by Robert F. DeLucia,
Summary and Major Conclusions:
- The outbreak of the coronavirus late last year has been a game changer for the world economy. As such, I have revised my forecasts for GDP in all the major economies, most notably for that of China, but also modestly for that of the US.
- The impact on China is by far the greatest. The epidemic is acting as a freeze on commerce in China. Retail stores have closed, factories have shuttered, real estate transactions have plummeted, and transportation both into and out of China has been curtailed.
- I have reduced US GDP growth in Q1 to an annual rate of 1.5%, down from 2.2% for all of 2019. Downward revisions to China’s GDP are far greater. First quarter GDP growth could decline by 50%, from 6% in 2019 to only 3%.
- Assuming that the epidemic is contained during the spring months, world economic growth could rebound strongly during the second half of the year. Fourth quarter US GDP could grow at a 3.5% annual rate, while China’s GDP could expand at a temporarily above-trend pace of 7.5%.
- In the US, second half GDP growth should benefit from the lagged effect of monetary stimulus, a resumption of production at Boeing, a restoration of depleted business inventories, and continued strength in consumer spending and housing.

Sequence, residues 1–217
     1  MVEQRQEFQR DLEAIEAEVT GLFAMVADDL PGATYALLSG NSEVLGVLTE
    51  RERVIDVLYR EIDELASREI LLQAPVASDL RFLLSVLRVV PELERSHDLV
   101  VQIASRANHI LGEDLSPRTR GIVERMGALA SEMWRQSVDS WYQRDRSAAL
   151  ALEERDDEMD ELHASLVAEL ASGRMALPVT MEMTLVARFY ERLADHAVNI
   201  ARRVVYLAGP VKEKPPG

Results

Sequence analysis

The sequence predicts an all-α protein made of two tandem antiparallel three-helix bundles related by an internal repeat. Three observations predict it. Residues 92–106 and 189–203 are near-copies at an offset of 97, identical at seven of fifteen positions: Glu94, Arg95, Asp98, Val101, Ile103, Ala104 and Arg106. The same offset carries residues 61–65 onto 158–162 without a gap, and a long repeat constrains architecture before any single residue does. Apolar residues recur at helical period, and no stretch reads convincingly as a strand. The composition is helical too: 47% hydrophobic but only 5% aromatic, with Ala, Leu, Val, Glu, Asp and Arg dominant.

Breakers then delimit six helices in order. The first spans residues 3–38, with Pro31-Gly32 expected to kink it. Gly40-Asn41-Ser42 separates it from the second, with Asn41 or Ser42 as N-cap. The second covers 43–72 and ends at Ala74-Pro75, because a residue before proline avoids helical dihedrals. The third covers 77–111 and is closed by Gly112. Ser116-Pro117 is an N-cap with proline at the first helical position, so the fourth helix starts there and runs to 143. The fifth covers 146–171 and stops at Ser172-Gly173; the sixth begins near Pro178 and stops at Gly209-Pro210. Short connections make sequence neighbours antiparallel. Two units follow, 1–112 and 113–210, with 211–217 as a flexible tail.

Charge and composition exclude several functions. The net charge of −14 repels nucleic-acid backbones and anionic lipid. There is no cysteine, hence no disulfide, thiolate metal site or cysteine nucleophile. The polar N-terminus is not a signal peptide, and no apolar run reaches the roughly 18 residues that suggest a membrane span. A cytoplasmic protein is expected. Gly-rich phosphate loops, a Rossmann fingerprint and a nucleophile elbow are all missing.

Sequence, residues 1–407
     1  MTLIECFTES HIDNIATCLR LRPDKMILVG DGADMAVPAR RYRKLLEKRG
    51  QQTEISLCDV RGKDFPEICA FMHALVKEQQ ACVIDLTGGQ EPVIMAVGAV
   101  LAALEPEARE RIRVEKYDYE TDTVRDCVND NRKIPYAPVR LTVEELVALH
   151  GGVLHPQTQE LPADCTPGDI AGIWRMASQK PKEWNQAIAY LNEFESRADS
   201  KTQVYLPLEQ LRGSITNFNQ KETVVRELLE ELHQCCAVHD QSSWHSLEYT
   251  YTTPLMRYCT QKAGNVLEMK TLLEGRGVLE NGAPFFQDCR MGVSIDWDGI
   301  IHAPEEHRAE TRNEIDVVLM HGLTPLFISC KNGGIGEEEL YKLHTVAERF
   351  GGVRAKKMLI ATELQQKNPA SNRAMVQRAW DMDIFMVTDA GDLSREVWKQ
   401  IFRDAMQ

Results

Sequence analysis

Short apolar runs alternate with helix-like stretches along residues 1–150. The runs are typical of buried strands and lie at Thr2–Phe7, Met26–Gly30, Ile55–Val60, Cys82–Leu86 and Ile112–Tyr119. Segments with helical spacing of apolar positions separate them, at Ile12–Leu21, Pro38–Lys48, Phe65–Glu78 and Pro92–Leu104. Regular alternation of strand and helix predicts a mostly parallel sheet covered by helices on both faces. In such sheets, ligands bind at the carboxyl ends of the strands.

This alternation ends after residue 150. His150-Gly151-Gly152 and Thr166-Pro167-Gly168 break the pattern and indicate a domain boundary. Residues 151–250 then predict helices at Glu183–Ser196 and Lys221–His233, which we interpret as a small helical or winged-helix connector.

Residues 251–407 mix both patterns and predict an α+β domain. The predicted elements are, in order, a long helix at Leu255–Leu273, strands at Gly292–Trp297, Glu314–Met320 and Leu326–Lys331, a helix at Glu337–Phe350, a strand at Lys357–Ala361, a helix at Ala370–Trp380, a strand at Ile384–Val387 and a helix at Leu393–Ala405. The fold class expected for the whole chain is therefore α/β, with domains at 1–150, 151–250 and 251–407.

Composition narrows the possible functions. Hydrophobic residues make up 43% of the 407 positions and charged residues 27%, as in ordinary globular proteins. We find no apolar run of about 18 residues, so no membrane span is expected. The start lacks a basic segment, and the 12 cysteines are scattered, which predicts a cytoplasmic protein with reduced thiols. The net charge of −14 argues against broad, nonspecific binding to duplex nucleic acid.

- Corporate debt issuance has increased at a rapid pace in recent years, pushing the debt-to-GDP ratio to an all-time high. However, a significant portion of borrowing has been opportunistic and motivated by a record-low cost of debt capital, with market yields declining to an all-time low of 2.52%.
- Moreover, corporations have appropriately extended the duration of their debt to an average of eight years, the longest average maturity in 40 years. These longer maturities allow companies to lock in record-low borrowing costs for many years.
- Credit quality in the corporate sector should remain benign until there is a sharp rise in interest rates, a decline in corporate earnings and cash flow, and a sharp pullback in bank lending.
- Conditions for bond investors are far less favorable. High-grade corporate bonds are grossly overvalued: With current yields to maturity only slightly above the inflation rate, bond investors are virtually assured of a loss of principal in coming years.
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